"How We Won the War on Dungeons & Dragons"

The "we" in this sense is the folks who enjoyed playing Dungeons & Dragons back when there was a huge uproar against it. Apropos of Tex's posts about nerd culture. They may feel oppressed, but sometimes they win!

We used to play D&D when I was a teenager too, and I think it's very helpful for kids. That kind of role-playing is one way of working out who you really want to be, and what's important to you. You can't actually be a barbarian king or a wizard, but you can explore what it might be like to have the virtues of courage or knowledge, and decide where you want to focus your own efforts to develop those virtues in yourself.

Of course, at some point, it's time to 'put away childish things,' and get on with the business of developing real virtue (although you can probably get back to it, as with other childish things, once you get old enough). At a certain age, when you aren't sure yet who you are or what you want, the games are helpful things.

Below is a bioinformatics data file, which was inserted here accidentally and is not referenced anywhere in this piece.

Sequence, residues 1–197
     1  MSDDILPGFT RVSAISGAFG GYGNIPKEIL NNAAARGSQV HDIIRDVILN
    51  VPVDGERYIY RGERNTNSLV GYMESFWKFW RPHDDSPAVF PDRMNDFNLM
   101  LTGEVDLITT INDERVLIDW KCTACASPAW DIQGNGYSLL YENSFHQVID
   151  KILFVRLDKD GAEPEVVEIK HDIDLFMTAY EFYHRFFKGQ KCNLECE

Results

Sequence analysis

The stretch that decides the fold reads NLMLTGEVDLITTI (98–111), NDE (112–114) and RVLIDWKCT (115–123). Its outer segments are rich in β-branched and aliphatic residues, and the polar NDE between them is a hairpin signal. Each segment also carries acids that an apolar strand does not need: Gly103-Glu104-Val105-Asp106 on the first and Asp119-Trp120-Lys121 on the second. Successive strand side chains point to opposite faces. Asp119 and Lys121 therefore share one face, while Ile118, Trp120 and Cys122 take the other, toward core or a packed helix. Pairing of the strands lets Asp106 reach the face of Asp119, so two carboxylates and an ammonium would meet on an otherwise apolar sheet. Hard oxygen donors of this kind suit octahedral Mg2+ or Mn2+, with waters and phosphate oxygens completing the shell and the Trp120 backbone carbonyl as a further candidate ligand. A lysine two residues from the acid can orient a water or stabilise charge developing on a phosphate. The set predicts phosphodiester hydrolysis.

Eric Blair said...

Funny. I played D&D in my Catholic High School. Played in college, sort of fell out of playing it, although not out of table top gaming, and recently started playing it again.

Never thought it was particularly childish, anymore than watching grown men play football or baseball or any other professional sport.

Grim said...

Well, 'childish' is too strong; I only gave it that way because of the Biblical reference. I think it's more appropriate to adolescence than to childhood proper (although kids do a lot of roleplaying, D&D is a little technical and oriented toward sit-down-for-a-long-time).

I just mean that, when you reach young adulthood, you should take the lessons you learned about who you wanted to be and really start trying to be that person all the time. It's time to stop playing at being a virtuous hero, and really try to be one.

Once you reach the age that you've either actualized or exhausted your potential for virtue, why not take up the game again? This time, just for fun.

RonF said...

As a Boy Scout leader for 22 years, I have no intention of putting away childish things. I intend to do this until I go face down on the trail someday.